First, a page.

4 Ler mais

Purification and characterization of hyaluronic acid produced by Streptococcus zooepidemicus strain 3523-7

Purification and characterization of hyaluronic acid produced by Streptococcus zooepidemicus strain 3523-7

Hyaluronic acid (HA) is a hydrated gel and comprises repeating units of glucuronic acid and N-acetylglucosamine. Production and recovery of HA has gained great importance due to its vast clinical applications. In pursuit of obtaining highly pure HA, we have developed a fed-batch fermentation process using Streptococcus zooepidemicus in a 25 L bioreactor that resulted in a maximum yield of 2.3 g/L HA. In addition, we have devised an efficient method for separation and recovery of hyaluronic acid from a highly viscous broth by treating with trichloroacetic acid (0.1%) and charcoal (1-2%), passing through filtration (0 .45 μm) and ultrafiltration that resulted in recovery of 72.2% of clinical grade HA with molecular weight of 2.5×10 6 Da. We have also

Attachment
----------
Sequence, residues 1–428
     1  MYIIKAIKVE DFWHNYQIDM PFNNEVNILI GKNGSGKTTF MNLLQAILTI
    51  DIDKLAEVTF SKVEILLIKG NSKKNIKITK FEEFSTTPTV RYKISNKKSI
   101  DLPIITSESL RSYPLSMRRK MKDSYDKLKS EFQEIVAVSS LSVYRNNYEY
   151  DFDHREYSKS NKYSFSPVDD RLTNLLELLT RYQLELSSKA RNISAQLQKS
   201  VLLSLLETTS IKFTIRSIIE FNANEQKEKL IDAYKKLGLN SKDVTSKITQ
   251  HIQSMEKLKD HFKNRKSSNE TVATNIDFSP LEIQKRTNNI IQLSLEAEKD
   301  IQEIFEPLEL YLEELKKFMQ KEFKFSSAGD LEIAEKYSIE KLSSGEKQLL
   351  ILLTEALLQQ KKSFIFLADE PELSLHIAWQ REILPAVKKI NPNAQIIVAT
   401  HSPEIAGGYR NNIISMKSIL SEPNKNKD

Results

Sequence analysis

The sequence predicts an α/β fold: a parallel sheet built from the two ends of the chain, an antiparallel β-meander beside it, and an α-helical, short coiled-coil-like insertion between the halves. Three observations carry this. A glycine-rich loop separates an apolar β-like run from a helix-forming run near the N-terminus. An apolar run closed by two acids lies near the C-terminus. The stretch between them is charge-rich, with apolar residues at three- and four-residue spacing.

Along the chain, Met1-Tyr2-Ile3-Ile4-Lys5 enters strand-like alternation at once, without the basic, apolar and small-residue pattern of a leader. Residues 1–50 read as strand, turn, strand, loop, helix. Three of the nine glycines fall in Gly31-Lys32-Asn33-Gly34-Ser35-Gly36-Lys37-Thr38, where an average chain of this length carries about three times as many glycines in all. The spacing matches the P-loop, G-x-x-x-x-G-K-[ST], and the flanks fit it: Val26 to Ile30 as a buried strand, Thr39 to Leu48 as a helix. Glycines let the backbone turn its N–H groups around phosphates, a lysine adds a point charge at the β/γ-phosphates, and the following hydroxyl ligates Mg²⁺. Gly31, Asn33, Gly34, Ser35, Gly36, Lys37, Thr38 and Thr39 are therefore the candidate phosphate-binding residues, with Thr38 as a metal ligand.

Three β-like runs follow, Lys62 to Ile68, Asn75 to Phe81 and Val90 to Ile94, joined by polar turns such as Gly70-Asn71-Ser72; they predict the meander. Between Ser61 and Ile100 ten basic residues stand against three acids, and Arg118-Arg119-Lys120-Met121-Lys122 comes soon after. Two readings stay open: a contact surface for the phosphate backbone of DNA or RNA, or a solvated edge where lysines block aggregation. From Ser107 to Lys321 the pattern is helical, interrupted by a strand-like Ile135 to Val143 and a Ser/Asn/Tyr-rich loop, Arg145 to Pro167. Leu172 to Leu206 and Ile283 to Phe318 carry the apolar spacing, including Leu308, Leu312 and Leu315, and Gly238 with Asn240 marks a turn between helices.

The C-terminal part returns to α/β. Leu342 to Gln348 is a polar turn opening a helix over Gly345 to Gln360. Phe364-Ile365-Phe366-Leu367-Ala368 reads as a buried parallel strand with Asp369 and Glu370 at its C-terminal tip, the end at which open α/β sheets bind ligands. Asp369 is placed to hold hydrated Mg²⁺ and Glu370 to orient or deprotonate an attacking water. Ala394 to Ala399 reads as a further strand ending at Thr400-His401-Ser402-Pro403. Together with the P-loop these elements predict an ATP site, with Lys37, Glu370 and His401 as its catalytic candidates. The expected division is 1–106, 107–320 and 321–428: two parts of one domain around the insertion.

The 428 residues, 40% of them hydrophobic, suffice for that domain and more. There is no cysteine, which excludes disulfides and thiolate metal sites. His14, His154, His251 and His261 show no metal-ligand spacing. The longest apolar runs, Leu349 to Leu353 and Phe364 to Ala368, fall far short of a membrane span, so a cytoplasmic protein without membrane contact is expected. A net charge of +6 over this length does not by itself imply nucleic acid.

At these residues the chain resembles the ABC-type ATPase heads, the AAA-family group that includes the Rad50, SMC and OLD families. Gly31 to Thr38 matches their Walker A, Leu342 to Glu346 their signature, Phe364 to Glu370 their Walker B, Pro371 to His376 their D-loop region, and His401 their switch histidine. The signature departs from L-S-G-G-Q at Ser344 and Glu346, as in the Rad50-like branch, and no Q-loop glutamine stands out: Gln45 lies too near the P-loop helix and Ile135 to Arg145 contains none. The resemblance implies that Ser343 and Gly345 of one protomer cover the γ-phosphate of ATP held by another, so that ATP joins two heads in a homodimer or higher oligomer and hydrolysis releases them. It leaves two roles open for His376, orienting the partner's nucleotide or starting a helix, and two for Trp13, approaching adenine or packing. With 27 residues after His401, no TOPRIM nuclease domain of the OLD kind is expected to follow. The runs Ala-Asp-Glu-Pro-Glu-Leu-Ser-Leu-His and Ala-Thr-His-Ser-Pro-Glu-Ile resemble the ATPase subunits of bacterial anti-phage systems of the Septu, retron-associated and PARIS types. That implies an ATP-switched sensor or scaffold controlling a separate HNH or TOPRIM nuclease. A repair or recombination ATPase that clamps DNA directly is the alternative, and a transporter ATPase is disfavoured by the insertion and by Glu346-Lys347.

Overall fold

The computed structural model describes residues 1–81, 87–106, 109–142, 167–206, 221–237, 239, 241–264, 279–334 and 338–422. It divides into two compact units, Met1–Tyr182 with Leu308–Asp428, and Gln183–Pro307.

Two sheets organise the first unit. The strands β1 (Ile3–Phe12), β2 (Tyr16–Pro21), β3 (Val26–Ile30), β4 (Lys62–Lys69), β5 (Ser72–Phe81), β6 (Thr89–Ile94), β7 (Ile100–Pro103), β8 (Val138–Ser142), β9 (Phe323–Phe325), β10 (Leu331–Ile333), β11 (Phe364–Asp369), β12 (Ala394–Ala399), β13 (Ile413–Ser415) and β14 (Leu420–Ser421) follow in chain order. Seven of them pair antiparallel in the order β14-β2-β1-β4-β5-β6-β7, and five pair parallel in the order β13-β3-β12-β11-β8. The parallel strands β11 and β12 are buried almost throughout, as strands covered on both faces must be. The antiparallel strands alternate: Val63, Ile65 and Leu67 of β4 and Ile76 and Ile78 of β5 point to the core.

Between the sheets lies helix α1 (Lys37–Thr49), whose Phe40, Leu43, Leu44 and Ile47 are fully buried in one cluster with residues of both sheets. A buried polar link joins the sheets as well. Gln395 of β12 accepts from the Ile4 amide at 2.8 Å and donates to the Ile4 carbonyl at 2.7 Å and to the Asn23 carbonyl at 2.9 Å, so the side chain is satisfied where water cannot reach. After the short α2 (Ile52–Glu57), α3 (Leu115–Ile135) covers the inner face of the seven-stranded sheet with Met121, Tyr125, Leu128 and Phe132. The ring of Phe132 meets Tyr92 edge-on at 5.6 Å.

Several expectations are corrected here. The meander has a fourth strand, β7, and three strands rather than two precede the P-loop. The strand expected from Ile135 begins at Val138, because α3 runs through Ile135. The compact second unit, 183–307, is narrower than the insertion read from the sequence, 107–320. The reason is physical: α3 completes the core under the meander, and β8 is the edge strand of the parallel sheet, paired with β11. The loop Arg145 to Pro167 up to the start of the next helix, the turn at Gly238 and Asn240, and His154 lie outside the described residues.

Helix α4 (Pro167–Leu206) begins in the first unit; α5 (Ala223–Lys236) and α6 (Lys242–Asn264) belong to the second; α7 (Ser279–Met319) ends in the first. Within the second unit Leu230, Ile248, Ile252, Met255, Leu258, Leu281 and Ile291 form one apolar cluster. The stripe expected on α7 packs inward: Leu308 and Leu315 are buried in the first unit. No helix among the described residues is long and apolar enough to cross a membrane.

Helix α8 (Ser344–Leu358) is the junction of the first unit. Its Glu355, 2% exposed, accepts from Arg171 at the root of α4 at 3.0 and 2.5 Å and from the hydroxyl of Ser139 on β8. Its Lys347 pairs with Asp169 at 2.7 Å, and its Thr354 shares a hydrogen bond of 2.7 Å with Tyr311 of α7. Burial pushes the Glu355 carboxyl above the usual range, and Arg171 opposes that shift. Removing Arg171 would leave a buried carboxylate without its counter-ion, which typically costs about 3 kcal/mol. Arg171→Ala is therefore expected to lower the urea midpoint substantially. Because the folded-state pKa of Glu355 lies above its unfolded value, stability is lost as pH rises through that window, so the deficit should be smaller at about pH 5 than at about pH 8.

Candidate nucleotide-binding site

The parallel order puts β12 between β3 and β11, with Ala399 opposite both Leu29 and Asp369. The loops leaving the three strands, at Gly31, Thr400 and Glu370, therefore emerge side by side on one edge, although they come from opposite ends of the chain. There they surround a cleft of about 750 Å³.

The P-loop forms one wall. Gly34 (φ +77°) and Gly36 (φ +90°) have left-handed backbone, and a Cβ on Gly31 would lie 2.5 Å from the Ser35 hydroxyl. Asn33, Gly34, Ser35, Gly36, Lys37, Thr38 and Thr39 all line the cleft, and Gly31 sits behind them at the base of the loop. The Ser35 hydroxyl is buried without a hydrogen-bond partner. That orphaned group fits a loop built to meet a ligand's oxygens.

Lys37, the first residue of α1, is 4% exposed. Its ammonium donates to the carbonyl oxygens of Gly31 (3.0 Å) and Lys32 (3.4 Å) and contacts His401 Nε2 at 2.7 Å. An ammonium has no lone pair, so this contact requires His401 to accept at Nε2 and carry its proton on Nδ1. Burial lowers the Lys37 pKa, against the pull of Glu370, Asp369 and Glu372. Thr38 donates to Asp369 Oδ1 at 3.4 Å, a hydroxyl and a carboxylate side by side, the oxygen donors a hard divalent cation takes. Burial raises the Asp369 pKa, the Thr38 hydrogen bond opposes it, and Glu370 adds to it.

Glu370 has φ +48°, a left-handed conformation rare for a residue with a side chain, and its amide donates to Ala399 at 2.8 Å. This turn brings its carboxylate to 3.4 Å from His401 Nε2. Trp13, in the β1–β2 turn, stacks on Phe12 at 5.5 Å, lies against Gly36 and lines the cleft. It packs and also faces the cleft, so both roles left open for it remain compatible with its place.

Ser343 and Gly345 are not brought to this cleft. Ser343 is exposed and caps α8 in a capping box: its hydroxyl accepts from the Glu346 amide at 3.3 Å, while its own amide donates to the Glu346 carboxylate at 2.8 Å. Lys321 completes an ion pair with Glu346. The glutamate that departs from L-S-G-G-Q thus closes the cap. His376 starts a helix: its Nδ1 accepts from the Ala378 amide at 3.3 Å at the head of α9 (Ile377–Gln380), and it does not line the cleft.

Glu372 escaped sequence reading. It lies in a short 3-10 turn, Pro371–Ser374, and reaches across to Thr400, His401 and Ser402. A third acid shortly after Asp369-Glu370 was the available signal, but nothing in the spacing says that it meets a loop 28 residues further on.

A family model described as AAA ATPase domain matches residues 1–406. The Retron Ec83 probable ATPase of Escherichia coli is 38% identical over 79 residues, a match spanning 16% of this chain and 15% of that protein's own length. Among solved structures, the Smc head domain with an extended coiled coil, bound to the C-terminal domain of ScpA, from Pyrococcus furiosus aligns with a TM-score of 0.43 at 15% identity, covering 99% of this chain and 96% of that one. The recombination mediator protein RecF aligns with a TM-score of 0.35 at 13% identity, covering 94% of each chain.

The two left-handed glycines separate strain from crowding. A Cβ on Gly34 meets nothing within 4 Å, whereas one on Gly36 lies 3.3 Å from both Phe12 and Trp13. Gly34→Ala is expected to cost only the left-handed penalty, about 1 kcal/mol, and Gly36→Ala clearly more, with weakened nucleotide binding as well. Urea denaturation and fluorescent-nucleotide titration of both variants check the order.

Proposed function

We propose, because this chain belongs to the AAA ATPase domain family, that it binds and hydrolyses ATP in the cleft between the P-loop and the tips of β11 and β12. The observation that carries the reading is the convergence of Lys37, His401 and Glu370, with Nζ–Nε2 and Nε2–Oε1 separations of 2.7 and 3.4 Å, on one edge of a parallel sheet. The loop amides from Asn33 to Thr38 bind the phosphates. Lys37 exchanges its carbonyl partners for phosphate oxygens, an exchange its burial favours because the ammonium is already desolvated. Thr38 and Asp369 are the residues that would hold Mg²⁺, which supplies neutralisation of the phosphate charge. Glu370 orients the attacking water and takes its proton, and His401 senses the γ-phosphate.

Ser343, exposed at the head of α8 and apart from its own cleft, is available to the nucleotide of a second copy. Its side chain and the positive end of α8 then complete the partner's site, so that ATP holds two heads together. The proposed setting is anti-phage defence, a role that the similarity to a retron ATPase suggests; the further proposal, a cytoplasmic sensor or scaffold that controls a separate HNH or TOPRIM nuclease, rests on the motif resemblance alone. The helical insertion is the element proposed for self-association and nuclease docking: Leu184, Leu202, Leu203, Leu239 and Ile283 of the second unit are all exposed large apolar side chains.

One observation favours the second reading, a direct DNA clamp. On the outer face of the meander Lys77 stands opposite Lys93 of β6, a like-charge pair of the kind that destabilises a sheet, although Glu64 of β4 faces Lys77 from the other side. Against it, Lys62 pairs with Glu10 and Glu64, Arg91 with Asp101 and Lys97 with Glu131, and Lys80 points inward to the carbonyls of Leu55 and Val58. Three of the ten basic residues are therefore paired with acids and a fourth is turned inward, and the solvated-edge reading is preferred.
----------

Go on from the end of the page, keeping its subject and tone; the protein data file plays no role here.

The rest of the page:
Mostrar mais

7 Ler mais

Hip osteoarthritis treatment with intra-articular injections: hyaluronic acid versus glucocorticoid – a systematic review

Hip osteoarthritis treatment with intra-articular injections: hyaluronic acid versus glucocorticoid – a systematic review

Materials and methods: A systematic review of the lit- erature was carried out within MEDLINE (via PubMed), Web of Science, Scopus and Cochrane Cen- tral Register of Controlled Trials (CENTRAL) databa ses, using the keywords (MeSH words): “hip osteoarthri- tis”, “glucocorticoid”, “corticosteroid”, “corticoid”, “hyaluronic acid” and “viscosupplementation”. Two in- dependent authors applied inclusion and exclusion cri- teria, selecting randomized clinical trials with direct comparison between intra-articular injection of GC and HA in patients with HO.

10 Ler mais

High levels of serum hyaluronic acid in adults with dermatomyositis

High levels of serum hyaluronic acid in adults with dermatomyositis

Additional analysis in- volving patients with DM showed that the serum level of HA did not correlate with age, duration between di - sease diagnosis and initial symptoms, disease duratio[r]

6 Ler mais

Show all 4244 documents...